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Low amniotic fluid?

Posted by on Jan. 4, 2013 at 8:17 PM
  • 7 Replies

This is an article about the wrong diagnosis of low amniotic fluid being a  reason for induction. Very interesting! I remember the doctor being concerned about that with my "overdue" pregnancies. There were more comments and such that I did not copy, so here's the webpage if you want to read further:

http://www.glorialemay.com/blog/?p=60

Low Amniotic Fluid. . . I don’t think so

What will it take to stop the inductions for too little amniotic fluid?  This is largely a wrong diagnosis based on ultrasound.  Women are having their births wrecked by midwives and doctors who believe that Biophysical Profile is a valid testing method.  We need to go back to clinical palpation skills and stop depending on sound wave fuzzy pictures to assess the amount of fluid at full term.

Leopold's manoeuvres Here is where the problem begins:

Many North American women are being told at the very end of their pregnancies to go to an ultrasound clinic and have a biophysical profile done. Most are impressed by the thoroughness of their practitioner and have no idea what this test involves or what sort of harm could follow from consenting to this diagnostic procedure. They will probably not be told that there is no scientific basis for having faith in the test results and that no improvement in health has been proved from large numbers of fetuses being “profiled.” Certainly, no one will mention that the only benefits of the procedure are: 1) the ultrasound clinic will earn $275; and 2) the medical practitioner will be able to cover themselves legally in the very rare instance that a baby might die in utero.Until recently, physicians and midwives would tell women who were carrying their babies beyond 41 weeks gestational age to do “kick counts.” If the baby has 10 distinct movements between the hours of 9 a.m. and 3 p.m., it is widely accepted that the baby is thriving under the mother’s heart. In a culture that loves technology and with the push to expand the commercial use of ultrasound, it was inevitable that someone would come up with a more complex strategy to provide reassurance of the baby’s wellbeing in late pregnancy. Thus the biophysical profile (BPP) was born. Here is the content of the testing, as it appears on the Family Practice Notebook Web site (www.fpnotebook.com/OB44.htm):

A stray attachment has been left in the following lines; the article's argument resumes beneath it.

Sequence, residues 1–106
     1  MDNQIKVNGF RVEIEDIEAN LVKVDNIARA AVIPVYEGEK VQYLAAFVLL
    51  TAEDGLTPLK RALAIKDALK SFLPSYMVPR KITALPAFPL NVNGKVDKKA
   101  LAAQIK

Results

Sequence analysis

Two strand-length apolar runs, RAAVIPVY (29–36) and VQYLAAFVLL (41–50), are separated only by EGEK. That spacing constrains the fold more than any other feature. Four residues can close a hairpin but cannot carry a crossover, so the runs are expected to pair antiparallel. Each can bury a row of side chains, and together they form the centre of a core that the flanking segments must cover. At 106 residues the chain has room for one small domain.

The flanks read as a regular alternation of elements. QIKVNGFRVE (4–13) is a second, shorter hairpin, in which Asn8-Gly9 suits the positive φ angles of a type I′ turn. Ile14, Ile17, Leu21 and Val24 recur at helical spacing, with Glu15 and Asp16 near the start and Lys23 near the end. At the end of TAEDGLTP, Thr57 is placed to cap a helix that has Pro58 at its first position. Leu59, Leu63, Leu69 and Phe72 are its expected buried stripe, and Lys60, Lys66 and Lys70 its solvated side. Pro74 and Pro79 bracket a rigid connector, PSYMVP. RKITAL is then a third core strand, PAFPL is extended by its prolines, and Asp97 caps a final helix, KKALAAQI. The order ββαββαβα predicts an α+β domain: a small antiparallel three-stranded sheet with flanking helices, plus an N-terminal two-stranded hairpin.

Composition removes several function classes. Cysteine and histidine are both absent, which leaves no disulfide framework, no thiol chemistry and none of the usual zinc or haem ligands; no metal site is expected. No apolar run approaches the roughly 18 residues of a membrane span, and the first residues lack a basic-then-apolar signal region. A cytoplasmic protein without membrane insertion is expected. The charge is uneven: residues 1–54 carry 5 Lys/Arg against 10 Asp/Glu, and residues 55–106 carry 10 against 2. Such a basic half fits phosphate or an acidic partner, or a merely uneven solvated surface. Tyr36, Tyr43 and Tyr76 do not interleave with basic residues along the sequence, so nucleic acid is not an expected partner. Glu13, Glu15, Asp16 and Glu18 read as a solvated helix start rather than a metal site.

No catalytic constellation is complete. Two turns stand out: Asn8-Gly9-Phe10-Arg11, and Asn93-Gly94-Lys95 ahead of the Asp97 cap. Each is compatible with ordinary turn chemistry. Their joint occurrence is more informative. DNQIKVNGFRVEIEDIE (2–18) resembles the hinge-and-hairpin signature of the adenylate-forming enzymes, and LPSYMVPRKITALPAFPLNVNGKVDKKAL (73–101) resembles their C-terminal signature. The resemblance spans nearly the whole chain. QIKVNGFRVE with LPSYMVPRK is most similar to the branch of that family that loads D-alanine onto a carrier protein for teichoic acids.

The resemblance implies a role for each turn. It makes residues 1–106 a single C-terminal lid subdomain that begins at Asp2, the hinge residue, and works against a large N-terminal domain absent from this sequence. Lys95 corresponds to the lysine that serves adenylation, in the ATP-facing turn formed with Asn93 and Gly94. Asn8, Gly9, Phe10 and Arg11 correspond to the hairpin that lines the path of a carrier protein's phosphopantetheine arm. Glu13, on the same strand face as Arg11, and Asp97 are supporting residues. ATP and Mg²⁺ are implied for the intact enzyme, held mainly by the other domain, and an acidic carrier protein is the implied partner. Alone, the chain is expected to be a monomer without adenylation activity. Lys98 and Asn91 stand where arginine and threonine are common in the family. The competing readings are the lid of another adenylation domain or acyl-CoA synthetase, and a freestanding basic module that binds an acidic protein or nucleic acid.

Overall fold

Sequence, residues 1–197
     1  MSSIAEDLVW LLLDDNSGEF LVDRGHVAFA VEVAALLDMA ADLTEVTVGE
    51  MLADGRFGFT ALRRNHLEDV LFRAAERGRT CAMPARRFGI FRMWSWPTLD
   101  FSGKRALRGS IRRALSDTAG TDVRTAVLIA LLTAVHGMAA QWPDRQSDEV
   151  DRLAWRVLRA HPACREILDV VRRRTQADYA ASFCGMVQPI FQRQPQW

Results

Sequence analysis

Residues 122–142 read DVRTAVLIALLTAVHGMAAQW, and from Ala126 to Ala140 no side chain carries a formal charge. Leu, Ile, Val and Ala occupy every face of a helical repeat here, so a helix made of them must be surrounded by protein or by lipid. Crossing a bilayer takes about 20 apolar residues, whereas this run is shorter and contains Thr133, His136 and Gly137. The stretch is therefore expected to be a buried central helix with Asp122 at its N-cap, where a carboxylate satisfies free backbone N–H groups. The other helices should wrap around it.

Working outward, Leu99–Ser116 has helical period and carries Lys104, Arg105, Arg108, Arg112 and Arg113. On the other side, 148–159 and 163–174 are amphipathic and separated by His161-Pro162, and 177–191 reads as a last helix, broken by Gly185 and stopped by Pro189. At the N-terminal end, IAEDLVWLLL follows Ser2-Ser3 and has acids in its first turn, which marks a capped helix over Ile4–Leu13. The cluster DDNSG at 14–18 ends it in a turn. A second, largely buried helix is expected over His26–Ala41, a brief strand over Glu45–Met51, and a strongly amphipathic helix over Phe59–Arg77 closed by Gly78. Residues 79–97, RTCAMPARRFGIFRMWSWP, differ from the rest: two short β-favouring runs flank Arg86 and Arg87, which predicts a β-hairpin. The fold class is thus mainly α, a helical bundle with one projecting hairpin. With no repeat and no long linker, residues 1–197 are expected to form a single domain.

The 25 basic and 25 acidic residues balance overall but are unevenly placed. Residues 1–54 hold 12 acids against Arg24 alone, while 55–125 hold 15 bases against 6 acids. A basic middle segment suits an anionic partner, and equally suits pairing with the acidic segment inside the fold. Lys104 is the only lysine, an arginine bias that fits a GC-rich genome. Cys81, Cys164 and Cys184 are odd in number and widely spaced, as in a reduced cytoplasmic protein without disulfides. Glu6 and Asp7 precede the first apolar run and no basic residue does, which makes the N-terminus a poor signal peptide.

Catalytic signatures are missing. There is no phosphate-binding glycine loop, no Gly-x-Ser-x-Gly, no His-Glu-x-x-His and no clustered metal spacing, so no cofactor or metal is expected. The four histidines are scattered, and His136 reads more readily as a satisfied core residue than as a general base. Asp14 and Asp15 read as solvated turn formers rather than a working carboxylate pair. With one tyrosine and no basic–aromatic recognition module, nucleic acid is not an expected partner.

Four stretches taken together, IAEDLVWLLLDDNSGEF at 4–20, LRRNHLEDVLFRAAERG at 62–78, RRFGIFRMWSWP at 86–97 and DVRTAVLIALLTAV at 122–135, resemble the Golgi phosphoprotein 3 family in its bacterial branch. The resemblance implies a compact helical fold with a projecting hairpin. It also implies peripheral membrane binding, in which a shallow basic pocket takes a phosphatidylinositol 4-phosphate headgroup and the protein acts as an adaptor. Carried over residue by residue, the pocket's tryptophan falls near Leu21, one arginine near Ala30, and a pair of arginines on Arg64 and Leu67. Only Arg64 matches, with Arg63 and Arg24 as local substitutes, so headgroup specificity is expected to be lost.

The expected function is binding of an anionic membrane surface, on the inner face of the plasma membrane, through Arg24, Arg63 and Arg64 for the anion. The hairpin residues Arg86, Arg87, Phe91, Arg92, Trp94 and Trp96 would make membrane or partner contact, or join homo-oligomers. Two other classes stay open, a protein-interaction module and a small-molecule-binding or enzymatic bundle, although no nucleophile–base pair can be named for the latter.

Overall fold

1. Cost: $275
  2. Criteria (2 points for each)
    1. Fetal Breathing
      1. Thirty seconds sustained breathing in 30 minutes
    2. Fetal Tone
      1. Episode extremity extension and flexion
    3. Body Movement
      1. Three episodes body movement over 30 minutes
    4. Amniotic Fluid Volume
      1. More than 1 pocket amniotic fluid 2 cm in depth
    5. Non-Stress Test
      1. Reactive
  3. Scoring
    1. Give 2 points for each positive above
  4. Interpretation
    1. Biophysical Profile: 8-10
      1. Low risk or Normal result
      2. Repeat Biophysical Profile weekly
      3. Indications to repeat Biophysical Profile biweekly
        1. Gestational Diabetes
        2. Gestational age 42 weeks
    2. Biophysical Profile: 8
      1. Delivery Indications: Oligohydramnios
    3. Biophysical Profile: 6
      1. Suspect asphyxia
      2. Repeat Biophysical Profile in 24 hours
      3. Delivery Indications
        1. Repeat Biophysical Profile less than or equal to 6
    4. Biophysical Profile: 4
      1. Suspect asphyxia
      2. Delivery Indications
        1. Gestational age 36 weeks
        2. Lung Maturity Tests positive (L/S Ratio 2)
    5. Biophysical Profile: 0-2
      1. Likely asphyxia
      2. Continue monitoring for 2 hours
      3. Delivery Indications
        1. Biophysical Profile ‹ 4

“Breathing” above refers to movements in the lungs that show activity of the lungs in preparation for life outside the womb. The baby’s oxygen supply in utero comes via the placenta and umbilical cord while in the mother’s womb.